In addition, the big name marathons attract large numbers of people -- the New York marathon draws 32,000 runners annually; London, 40,000 -- which can translate into large group bookings.

As to frequency of travel, he said, "The average marathon runner will run two marathons a year, but we have clients who will run 15 to 20 a year and will fly to four or five events."

Another advantage to the niche is that marathons take place year-round, Gilligan said, although spring and fall in North America and Europe are especially busy.

"But we also have Bermuda in January and Antarctica in February," he said, adding that the latter program -- which accommodates 138 people -- typically is sold out about a year in advance.

This despite the high price tag of about $4,000 to $5,000 per person, Gilligan said, explaining: "Many runners will run a marathon at any cost because it's become such a part of their lives."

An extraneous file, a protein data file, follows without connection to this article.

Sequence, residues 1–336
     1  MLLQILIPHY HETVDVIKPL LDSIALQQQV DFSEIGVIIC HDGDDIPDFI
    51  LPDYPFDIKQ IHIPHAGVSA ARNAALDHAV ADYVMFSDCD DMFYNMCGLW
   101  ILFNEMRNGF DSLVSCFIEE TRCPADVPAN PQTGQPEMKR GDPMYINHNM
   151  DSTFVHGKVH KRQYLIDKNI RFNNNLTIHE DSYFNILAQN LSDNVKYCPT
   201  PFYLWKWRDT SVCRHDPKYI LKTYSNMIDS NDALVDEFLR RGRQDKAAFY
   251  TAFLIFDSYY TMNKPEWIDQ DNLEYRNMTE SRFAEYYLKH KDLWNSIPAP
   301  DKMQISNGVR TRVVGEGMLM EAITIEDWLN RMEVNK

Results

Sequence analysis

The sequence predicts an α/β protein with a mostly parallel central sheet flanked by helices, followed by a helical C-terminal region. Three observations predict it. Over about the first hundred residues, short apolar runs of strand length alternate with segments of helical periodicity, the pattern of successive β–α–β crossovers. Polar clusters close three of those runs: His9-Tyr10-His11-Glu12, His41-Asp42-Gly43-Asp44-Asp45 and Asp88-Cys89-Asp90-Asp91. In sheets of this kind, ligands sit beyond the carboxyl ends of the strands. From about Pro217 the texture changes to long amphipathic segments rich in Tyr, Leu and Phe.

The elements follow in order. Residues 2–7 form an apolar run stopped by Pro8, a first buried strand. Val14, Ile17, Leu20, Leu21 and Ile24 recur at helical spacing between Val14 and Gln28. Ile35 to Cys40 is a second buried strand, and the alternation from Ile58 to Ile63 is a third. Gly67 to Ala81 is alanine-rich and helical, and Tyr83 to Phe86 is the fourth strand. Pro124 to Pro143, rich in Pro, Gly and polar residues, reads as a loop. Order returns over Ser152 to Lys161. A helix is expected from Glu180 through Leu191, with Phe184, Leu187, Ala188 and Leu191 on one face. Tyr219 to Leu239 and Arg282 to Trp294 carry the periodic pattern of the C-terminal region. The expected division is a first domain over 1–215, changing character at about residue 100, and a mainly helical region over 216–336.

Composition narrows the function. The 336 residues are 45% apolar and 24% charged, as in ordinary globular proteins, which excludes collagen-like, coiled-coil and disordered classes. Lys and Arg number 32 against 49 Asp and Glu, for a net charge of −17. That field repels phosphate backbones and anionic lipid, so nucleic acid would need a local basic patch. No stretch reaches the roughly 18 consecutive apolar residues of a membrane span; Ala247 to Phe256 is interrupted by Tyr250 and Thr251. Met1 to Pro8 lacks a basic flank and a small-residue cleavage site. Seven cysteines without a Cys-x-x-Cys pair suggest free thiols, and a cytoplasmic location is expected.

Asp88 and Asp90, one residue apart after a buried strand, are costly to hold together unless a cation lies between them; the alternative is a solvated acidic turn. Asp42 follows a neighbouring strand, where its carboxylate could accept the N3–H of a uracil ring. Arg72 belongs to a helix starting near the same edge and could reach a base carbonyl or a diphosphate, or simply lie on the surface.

-- Felicity Long

The lowdown on profits

While selling travel to marathon runners is about as specific a niche as one can get, Thomas Gilligan shared some of his more generic rules for selling special- interest travel successfully.

  • Know your niche. "I and another person in our office are serious marathon runners, which means we know what's important to the market," Gilligan said.
  • Booking hotels near the finish line is important, Gilligan said, as is the arranging of pre-race pasta dinners and escorted training runs.